15-year-old Mike takes a job at the local swimming baths, where he becomes obsessed with an attractive young woman, Susan, who works there as an attendant. Although Susan has a fiancé, Mike... See full summary »
Karl Michael Vogler
Censored by the Polish authorities, this film was reedited and new footage added. It begins with a sci-fi motif: abstract images and electronic music take the viewer from ruins of Lebanon ... See full summary »
Two teachers, man-hungry Doris and restrained Marian, visit the Yorkshire moors a year after friend Evelyn disappeared there. On a stormy night, they take refuge in the isolated cottage of ... See full summary »
Bored while officiating a cricket match at a psychiatric hospital, Crossley tells Graves (a visitor) the tale of a mysterious stranger (also named Crossley) who invades the lives and home of a local musician and his wife. The stranger claims knowledge of real magic, which he uses to displace his host and dominate his wife. The musician must find a way to combat Crossley and his seemingly implacable powers. Graves doubts Crossley's claim that the story is true, and begins to believe that Crossley is actually one of the patients. Written by
Producer Jeremy Thomas once said of this film: "Because I had a great director, and a quality piece of literature I managed to get a wonderful cast such as Sir John Hurt and Alan Bates. Skolimowski had a sense of shooting style then, this was the second director who I had worked closely with, and it was fascinating watching Skolimowski work. He came from a Polish tradition, the Wajda Film School, he had a different background to other directors I had been working with in the cutting rooms or elsewhere, and it made the film much more creative to me. I saw it more as an artistic endeavor by him. The film went to Cannes and won the Grand Prix de Jury. We were incredibly lucky, and the film was appreciated by the jury. It was a very small festival then, nothing like the Cannes Film Festival of today, it was a small event in a cinema of eight hundred people or so." See more »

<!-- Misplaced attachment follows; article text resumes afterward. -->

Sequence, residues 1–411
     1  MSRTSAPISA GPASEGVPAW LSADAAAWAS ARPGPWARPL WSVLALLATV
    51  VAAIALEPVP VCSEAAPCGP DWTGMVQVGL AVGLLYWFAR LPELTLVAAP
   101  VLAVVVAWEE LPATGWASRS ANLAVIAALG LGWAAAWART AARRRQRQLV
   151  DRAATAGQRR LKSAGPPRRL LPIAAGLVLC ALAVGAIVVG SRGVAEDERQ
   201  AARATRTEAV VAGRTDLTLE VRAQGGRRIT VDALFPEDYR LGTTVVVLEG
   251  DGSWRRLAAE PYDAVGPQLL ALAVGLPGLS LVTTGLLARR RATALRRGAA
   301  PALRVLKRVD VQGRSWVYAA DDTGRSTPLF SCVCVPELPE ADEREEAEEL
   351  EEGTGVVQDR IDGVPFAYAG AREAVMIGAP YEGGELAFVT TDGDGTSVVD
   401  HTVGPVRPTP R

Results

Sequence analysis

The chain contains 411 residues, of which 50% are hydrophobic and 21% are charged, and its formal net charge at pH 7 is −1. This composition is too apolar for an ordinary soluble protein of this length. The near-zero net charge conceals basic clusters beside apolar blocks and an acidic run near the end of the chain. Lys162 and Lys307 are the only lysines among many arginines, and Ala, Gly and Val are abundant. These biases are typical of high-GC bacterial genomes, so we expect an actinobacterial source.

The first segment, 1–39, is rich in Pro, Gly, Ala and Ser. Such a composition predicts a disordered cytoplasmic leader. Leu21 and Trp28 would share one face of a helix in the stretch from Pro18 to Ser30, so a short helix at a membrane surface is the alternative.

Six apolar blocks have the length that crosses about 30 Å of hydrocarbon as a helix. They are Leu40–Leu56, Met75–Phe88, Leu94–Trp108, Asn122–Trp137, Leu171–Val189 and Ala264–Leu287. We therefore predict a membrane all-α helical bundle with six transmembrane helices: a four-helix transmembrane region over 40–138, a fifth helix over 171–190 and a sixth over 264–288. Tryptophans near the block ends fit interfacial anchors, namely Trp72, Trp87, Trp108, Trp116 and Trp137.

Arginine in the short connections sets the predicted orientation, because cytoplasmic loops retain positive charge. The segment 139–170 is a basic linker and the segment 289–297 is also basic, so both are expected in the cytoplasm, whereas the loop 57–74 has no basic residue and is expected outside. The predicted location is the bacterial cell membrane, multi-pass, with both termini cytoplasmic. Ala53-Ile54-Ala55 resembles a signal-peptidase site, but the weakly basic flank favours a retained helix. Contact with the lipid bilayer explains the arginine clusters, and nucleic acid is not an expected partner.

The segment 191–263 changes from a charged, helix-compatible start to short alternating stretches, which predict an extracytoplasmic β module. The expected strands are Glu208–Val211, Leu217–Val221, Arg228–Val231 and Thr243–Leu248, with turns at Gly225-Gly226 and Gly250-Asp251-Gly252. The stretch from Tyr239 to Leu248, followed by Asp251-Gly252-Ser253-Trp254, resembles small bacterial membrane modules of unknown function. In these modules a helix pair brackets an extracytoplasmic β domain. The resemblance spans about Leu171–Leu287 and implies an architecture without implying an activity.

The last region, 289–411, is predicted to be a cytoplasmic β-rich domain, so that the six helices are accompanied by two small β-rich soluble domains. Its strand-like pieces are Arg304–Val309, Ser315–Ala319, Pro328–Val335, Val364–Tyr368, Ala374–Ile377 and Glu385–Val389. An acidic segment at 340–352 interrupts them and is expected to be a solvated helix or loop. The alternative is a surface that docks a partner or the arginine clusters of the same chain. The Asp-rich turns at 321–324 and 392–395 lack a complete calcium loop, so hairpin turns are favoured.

A brilliant puzzle of a movie. Original and haunting.
'The Shout' is one of the most underrated thrillers of the 70s, and should be spoken of in the same breath as the much more celebrated 'Don't Look Now' and 'The Wicker Man'. All three put complex and original adult approaches to the supernatural thriller genre. Alan Bates ('Whistle Down The Wind') really shines in this movie as the mysterious and charismatic stranger cum shaman Crossley, who turns a comfortably bohemian middle class marriage upside down. The couple are played by John Hurt ('The Elephant Man') and Susannah York ('Superman'), and they are both first rate, as is Tim Curry ('Rocky Horror') in a smaller but important supporting role. But as good as they all are this is Bates' movie all the way in an unforgettable performance. A haunting, dreamlike puzzle of a movie that improves with multiple viewings. Highly recommended!
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